(Elizabeth Toohey’s article appeared in the Christian Science Monitor, 4/9.)

Tina Packer does not need to be told to “lean in.”  At 76, she has founded one of the largest Shakespeare festivals in the country (Shakespeare & Company in Lenox, Massachusetts), directed most of Shakespeare’s plays, and written and starred in the one-woman-show "Women of Will," which she travels around the country performing. 

Now she has translated that performance into the book, Women of Will: The Feminine in Shakespeare’s Plays, which delves into the psychological and social roles his women characters play and their impact on others.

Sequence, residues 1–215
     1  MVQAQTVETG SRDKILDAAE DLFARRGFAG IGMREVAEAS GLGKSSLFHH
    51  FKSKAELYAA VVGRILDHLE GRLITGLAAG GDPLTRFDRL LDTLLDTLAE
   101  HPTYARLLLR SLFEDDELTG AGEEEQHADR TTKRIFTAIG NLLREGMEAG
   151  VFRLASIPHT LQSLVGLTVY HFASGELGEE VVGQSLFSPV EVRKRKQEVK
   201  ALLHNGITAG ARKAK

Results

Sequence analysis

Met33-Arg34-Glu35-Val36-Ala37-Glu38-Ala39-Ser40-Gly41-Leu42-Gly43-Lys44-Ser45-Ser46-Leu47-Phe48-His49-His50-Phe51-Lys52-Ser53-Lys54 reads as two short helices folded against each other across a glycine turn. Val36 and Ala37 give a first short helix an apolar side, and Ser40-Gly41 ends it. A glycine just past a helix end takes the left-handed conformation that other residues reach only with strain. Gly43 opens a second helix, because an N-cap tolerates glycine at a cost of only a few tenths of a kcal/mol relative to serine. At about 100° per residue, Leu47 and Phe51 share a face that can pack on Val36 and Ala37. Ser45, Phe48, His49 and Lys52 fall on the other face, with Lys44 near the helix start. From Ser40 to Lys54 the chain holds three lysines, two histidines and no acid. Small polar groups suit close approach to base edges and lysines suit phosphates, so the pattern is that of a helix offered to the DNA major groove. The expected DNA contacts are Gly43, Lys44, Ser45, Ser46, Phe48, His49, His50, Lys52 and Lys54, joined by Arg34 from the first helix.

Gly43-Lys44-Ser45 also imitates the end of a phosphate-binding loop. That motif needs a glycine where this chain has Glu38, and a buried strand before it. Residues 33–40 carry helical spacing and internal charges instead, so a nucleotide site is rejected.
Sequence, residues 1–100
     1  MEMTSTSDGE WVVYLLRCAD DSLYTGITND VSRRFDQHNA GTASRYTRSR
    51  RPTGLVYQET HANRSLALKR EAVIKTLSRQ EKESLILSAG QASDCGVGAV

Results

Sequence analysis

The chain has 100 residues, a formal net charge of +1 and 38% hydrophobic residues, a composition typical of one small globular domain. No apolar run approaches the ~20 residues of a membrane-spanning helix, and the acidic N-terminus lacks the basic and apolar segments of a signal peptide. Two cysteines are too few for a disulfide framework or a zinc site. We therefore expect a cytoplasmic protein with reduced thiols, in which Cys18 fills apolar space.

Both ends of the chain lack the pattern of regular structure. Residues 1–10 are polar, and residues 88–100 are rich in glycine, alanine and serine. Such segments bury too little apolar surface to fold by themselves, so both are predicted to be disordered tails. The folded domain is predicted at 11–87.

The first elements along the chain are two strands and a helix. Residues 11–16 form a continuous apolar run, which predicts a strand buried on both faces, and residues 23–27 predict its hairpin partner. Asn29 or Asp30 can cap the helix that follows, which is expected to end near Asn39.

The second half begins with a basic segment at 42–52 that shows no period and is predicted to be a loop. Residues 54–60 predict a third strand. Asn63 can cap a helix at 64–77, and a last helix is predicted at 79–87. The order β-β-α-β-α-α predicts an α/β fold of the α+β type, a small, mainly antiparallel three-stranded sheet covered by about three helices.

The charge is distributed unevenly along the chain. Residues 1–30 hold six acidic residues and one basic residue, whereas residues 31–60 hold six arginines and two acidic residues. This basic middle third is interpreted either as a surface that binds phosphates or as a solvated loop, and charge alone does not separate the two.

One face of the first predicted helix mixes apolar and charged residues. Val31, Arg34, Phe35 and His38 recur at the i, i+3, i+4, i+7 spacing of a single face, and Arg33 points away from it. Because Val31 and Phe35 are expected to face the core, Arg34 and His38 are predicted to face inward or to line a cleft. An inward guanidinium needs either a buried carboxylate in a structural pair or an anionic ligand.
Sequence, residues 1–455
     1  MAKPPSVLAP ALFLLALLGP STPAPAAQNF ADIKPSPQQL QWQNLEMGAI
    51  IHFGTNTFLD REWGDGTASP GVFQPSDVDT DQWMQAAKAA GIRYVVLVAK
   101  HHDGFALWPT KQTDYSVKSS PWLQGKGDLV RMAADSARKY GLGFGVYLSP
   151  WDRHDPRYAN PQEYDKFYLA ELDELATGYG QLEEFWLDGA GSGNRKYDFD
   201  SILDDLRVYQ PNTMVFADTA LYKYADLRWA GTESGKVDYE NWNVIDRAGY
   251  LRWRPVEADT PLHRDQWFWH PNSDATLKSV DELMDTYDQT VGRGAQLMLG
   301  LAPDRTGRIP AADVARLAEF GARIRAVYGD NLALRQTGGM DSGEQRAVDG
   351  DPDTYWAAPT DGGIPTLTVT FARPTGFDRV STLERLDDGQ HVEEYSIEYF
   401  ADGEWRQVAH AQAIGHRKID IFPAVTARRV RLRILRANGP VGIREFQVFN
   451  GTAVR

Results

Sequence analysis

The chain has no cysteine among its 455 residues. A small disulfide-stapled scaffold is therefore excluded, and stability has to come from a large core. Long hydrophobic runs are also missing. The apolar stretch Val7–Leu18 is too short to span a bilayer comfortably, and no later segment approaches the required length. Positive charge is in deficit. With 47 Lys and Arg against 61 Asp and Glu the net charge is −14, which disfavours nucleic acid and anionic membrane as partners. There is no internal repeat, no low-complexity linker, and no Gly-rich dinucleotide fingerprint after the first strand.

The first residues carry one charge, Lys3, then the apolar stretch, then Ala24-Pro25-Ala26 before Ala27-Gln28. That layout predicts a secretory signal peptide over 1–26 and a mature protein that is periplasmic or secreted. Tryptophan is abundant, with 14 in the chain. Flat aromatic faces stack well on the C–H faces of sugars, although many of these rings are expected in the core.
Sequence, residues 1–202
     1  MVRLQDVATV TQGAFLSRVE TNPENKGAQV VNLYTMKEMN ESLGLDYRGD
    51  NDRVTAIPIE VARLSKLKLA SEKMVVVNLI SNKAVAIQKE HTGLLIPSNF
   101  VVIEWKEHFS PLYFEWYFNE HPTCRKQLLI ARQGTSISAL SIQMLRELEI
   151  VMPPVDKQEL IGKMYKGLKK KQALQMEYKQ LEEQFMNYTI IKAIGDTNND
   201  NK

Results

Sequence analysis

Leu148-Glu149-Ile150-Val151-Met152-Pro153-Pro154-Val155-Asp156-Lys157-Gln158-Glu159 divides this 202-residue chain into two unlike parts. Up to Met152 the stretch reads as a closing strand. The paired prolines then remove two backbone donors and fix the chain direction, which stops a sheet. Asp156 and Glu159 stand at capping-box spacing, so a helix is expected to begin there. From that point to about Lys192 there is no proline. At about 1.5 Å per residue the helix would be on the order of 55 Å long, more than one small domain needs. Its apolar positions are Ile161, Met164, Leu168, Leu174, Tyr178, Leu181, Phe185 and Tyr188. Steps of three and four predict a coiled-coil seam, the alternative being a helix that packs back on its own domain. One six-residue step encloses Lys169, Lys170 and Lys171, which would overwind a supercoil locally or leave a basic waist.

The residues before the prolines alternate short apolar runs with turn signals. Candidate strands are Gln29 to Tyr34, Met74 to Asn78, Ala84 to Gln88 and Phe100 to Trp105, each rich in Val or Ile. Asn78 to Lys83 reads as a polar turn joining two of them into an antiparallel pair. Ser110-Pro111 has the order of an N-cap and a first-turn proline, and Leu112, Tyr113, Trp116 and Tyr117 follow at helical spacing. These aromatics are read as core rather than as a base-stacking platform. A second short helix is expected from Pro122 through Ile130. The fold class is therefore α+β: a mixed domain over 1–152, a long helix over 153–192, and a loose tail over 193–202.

Shakespeare’s portrayal of women is not just one aspect of his work for Packer, but key to understanding the development of his world view, shedding light on his perception of the church, imperial expansion, the concept of honor, how we grieve, and our relationship to speech and language.  To look at Shakespeare’s women is to see the whole of the man and his world.


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